When Team Bend Racing/YogaSlackers entered the 2018 iteration of the famed Patagonian Expedition Race — a grueling seven-day odyssey at the tip of Chile, dubbed as “the last wild race” — it was in the wake of tragedy for two of the four-person team’s members. Three years ago, Chelsey and Jason Magness were expecting twins. The Bend couple can be seen right now in Amazon Prime’s 10-episode event, “World’s Toughest Race: Eco-Challenge Fiji,” and organize adventure races like the La Pine Loop on Oct. 25.
As viewers of the documentary “With Spirit,” streaming as part of the BendFilm Festival, learn in the opening minutes of the film, Chelsey had a late-pregnancy complication.
When Chelsey was 39 weeks and five days pregnant, Chelsey’s doctors couldn’t locate the heartbeat of one of the twins. In the moving opening moments of the film, Jason is already referring to their twin who didn’t make it as “Spirit B,” a soul that has stuck with, and even served as a lodestar for, the family, which includes the surviving twin, Max, age 3, and a younger brother, Revel Wilder Magness, now eight months.
“The first seven minutes — I always warn people that it’s pretty intense,” Chelsey Magness said last week. (Warning: You may need several tissues when you watch the opening minutes.)
“When it happened, it was the worst thing in the world that had ever happened to me. I blamed myself. I went into a deep depression,” Chelsey said. “What I did was I just found some bread crumbs of light, and let time heal me, which I hated that line so much from my therapist — I wanted to smack her in the face when she said it, honestly. I got pissed. I went through all the emotions. I took all the help I could get, and I let myself just be who I was and roll with it.”
The Magnesses are experienced adventure and expedition racers — the kinds of races that incorporate running, cycling, paddling, climbing and whatever else it takes in isolated places. Nothing could have prepared them for this moment, but racing in a way is similar.
“I feel like adventure racing really helped me,” Chelsey said. “Adventure racing is that. You go out there and you see some really, really ugly sides of yourself, especially in big expedition races. You go through the whole gamut of emotions, and you are made to face them because you can’t just stop, and there’s no way to always be in that place of sorrow and feeling sorry for yourself and suffering. You get through it. They pass. It passes, just like physical pain.”
Moving forward also meant returning to one of the most grueling races, the Patagonian Expedition Race, one that they had a long history with, having raced in it six times. Jason even proposed to Chelsey on the Patagonian podium.
And when they returned to Patagonia to race in November 2018, along with them was Portland filmmaker Scott Almendinger McGrath.
“He’s been in our lives for a number of years,” Chelsey said. “He’s been in the adventure racing world for a long time, like us, as a photographer and sometimes a racer. When he moved to the West Coast, he called us up and was like, ‘Can I video some of your races?’ Because we put on races, too.”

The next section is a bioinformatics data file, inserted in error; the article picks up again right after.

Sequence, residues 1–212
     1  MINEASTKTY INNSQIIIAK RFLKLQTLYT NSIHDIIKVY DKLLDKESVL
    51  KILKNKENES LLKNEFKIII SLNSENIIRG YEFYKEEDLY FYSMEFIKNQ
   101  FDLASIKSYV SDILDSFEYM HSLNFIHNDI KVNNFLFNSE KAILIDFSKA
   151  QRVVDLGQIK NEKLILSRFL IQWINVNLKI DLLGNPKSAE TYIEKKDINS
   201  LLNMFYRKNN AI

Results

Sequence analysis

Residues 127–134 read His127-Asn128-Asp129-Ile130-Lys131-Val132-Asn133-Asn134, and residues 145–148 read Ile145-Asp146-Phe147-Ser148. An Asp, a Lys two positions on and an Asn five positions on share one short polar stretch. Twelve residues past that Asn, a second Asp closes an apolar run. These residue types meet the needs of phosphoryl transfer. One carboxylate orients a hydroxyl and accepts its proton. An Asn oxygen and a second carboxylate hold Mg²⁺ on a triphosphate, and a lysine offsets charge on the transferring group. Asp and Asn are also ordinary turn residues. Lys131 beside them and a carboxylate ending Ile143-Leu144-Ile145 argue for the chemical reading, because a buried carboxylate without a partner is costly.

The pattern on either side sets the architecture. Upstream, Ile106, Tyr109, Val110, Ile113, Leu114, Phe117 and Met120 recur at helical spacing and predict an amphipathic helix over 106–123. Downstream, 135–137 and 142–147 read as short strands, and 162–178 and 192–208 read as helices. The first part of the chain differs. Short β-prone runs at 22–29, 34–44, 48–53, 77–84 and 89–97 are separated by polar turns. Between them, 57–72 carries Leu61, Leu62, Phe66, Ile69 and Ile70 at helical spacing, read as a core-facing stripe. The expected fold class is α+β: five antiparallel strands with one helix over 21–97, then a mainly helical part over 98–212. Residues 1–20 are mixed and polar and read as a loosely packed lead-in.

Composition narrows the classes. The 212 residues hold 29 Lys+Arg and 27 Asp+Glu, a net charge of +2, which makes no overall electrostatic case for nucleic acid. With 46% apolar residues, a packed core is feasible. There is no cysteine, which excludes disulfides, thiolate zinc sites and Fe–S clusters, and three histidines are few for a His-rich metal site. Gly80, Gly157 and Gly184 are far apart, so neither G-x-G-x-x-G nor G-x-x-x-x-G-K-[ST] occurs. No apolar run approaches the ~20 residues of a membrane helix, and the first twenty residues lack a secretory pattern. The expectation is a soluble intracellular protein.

McGrath’s work ethic, and willingness to get dirty, impressed the Magnesses.
“He got footage that we had never seen before,” Chelsey said. “He was willing to embed himself in teams, not just the transition areas where cars can get to. (That’s) just kind of boring. Teams are changing clothes, eating really fast and then they’re gone. You don’t get the drama that happens from point A to B.”
Heading back to Patagonia in 2018, Team Bend Racing/YogaSlackers knew they had the right ingredients to win. In 2016, their team was leading the pack by a full 24 hours, but Jason, who has arthritis in his hip, had to drop out in need of a hip resurfacing, an alternative to hip replacement.
“His hip completely gave out, and we had to carry him out of the mountains. It was our first time ever dropping out of a race,” Chelsey said. “It was really painful.”
After Jason had his hip replacement, they knew they’d want to capture their performance through the arduous 560 kilometer (348-mile) trek on film.
“Throughout the years, our team has gotten more and more professional and in the media, and sponsors and stuff,” she said. “We were like, ‘Look, this is our year to win Patagonia, and we need a media crew.’”
They reached out to McGrath, who knew what the family had been through.
“I’m very open about it, how I healed, or how I am still healing, is getting out, going on missions, racing and writing. I started writing about my pregnancy from the very beginning, and as an athlete-mother, I was not really reading many things about being an endurance-athlete and being pregnant, so that’s how my writing started.”
Chelsey continued to write after losing Spirit.
“It was a healing process for me to get it down on paper or on the Internet, and have people read it,” she said. “It was one of my grieving tools, and so Scott was really intrigued by my writing and by me being so open and raw about it.”
McGrath suggested that he, in addition to documenting their participation in the race, make a documentary about her experience with loss, grief, motherhood and return to racing.
Reactions to the film have been positive, although some adventure-racers found those opening minutes “really intense,” Chelsey said.
“They think it’s going to be a racing documentary, which it is, and it goes through all of the emotions, but it’s much more deep than that. And that’s what I really wanted. I didn’t want it just to be a superficial thing. I saw it as another way to heal,” she said.
“When challenges come up in your life, because they will … you have the strength to face them, and they will make you stronger and more adaptable and more vulnerable. And they will change you in a way that is for the better if you let it, if you face the challenges head on.”